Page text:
In November of 2007, Red Carpet Massacre was released by Duran Duran. This album became the crux of many an online debate that yours truly participated in with gusto. Spoiler alert: it is not my favorite album.
I had no problem engaging in “spirited discussion”. At the time, my opinions felt rational. Sometimes, you just don’t like something, and that’s okay. In hindsight though, I can very much remember how affronted I felt by the album’s mere existence. I can remember the feeling of betrayal, and even – yes, anger. I’m not entirely sure I’d say the anger and feelings of betrayal—it is one album, after all—were rational at all.
More recently, such as last week, I’ve seen some anger surfacing once again. This time though, it’s not with me. I’ve seen self-proclaimed long time fans respond with a type of vitriol, anger, and ferocity I’ve not seen in a long time. As I’ve thought more about it all, I’ve started remembering how I felt in 2007 and 2008.
It is difficult to be the one on the outside. What I mean by that is yes, it is weird to feel like the odd one out in the moments where everyone loves this song or that song, and you’re sitting back wondering if you misheard the song, because you think it’s plain vanilla in a world where everyone else says its the finest <insert your own favorite flavor here>. Sometimes we just want someone to validate our own feelings. When we don’t receive any of that, I can see feeling desperate and maybe even angry, but that’s also the point when we should be reminding ourselves that this is MUSIC. It is art. Not all art speaks to all people.
Amanda and I have written Daily Duranie for nearly eleven years now. During that time, I would venture to guess there’s been a song or two that hasn’t struck all of our chords. In fact, I know there have been those moments – for both of us. One of us tends to be a bit more vocal than the other, but yes, there have been times when I had to force myself to be positive for the greater good. Even so, I don’t think I’ve ever thought about shutting down our site, or even the good old Twitter account because I’ve disliked a song. Twitter wasn’t around during Red Carpet Massacre, so I don’t know how I would have felt then. For that matter, Daily Duranie wasn’t around either! I know that at the time, I didn’t give up my DDM account, and we were still chatting nearly every day on the other message board we were on, too. If anything, I talked more then, not less. I needed it.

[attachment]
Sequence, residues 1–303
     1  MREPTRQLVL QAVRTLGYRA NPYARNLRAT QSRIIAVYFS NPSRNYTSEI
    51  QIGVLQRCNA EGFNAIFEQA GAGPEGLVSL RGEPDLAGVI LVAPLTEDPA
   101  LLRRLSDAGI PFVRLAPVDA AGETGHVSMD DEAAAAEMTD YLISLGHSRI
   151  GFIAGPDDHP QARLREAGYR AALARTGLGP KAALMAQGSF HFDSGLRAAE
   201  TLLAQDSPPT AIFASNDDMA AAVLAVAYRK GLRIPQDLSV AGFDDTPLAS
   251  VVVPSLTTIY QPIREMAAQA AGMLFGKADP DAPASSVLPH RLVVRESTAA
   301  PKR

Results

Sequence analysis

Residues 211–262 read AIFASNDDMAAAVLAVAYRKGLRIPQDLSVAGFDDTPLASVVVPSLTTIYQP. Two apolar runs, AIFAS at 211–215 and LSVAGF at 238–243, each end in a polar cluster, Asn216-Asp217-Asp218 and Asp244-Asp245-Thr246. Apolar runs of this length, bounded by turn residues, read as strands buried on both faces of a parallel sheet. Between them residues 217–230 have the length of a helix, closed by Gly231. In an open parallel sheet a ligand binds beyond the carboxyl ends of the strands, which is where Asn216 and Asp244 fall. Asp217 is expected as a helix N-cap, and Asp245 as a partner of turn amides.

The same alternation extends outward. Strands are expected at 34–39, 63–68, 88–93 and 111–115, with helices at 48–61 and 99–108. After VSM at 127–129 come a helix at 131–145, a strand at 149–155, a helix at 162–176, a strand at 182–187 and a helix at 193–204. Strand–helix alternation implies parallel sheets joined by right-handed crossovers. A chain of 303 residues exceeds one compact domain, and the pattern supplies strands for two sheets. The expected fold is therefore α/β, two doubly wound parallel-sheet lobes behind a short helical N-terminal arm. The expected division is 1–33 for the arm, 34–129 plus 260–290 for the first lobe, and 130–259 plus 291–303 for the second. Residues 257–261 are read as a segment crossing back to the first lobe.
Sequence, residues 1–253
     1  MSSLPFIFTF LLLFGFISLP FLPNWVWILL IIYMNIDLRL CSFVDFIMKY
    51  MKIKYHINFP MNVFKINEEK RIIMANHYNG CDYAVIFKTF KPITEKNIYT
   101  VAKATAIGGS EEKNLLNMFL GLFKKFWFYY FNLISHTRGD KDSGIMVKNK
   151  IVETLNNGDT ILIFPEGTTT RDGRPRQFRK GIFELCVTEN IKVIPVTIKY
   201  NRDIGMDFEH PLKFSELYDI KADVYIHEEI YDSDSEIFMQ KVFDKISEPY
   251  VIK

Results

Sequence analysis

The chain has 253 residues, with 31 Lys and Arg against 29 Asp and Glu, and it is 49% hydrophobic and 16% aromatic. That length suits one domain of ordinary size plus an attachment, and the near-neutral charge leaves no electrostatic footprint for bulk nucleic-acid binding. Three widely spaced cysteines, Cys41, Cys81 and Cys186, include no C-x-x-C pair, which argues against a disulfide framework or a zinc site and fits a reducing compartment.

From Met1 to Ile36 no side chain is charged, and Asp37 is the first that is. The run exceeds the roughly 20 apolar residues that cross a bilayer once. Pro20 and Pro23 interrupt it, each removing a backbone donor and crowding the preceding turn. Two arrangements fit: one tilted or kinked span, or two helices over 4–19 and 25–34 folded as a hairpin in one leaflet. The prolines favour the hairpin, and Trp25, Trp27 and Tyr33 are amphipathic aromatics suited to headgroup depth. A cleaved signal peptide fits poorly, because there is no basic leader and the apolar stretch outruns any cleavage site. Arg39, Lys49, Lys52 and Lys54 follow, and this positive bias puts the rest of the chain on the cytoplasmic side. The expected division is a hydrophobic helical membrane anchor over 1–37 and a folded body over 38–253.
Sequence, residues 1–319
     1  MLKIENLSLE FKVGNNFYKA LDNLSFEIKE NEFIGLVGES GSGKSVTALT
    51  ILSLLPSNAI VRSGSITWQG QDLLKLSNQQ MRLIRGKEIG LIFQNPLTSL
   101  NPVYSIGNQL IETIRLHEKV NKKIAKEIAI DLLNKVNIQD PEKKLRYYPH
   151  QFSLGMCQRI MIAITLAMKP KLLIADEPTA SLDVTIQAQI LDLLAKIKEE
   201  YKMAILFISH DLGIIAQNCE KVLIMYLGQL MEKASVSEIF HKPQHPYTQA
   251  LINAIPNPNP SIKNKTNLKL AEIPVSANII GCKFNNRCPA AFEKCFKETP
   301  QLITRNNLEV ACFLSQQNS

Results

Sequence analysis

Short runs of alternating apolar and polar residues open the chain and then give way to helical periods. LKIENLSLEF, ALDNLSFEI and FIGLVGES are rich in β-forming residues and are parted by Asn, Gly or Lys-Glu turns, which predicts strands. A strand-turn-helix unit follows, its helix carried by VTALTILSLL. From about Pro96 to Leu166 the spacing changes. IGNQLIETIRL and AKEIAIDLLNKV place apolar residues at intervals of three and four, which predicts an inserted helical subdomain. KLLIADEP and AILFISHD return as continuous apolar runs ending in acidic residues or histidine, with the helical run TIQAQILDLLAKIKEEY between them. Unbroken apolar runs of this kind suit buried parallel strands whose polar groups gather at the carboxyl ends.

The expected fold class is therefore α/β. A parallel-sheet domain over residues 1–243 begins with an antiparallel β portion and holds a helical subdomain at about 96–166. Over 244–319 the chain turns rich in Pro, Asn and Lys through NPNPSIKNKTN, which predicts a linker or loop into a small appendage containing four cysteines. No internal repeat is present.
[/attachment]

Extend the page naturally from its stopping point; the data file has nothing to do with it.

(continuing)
It isn’t the anger I’ve seen during the past couple of weeks or months that is worrisome, although that too, deserves some careful consideration. For me, I suppose I tend to bristle more towards the way the anger is directed. Let me just say, it is not normal to hinge all happiness on the way an album sounds. I know this. I even knew it back in 2008. That time was not at all normal for me, though.
By the time RCM was released in November of 2007, I knew that my dad’s time was very limited as he had Pulmonary Fibrosis. At the time, 80% of people his age with the disease die within the first five years of diagnosis. I don’t know if that has changed in the years since then. He was on oxygen 24/7 by then, and to make a long story short – we knew he wouldn’t be getting a transplant. Walt had been laid off from work, and I spent most of my time exhausted and nauseous. Amanda went to see RCM on Broadway, and even now – it all feels like a blur. I can remember saying I didn’t ever want to see them play a single song from that album. So much anger, and I took every opportunity to talk badly about the album online. In hindsight, I had a terrible outlook on everything back then. I just struggled to see the light at all. While I have to stand by my opinions of the album, I can also say that everything going on around me very much affected how I feel about the songs. It didn’t get any better, either.